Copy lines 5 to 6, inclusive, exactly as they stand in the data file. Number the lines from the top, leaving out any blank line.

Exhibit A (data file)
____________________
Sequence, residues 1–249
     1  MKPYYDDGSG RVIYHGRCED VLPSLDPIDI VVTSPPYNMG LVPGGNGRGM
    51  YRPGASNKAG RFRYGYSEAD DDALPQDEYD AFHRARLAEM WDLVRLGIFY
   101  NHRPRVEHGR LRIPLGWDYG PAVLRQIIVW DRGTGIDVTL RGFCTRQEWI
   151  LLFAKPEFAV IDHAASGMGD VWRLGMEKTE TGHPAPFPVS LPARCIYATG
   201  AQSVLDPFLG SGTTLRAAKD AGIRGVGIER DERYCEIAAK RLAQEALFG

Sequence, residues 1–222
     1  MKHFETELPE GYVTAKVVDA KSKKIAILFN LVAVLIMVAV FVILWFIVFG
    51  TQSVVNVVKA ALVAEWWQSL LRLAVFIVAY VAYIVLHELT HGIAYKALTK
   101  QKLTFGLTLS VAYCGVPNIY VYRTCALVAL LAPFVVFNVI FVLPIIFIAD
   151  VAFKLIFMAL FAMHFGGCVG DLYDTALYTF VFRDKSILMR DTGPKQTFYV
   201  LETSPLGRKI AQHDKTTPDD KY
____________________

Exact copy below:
   151  LLFAKPEFAV IDHAASGMGD VWRLGMEKTE TGHPAPFPVS LPARCIYATG
   201  AQSVLDPFLG SGTTLRAAKD AGIRGVGIER DERYCEIAAK RLAQEALFG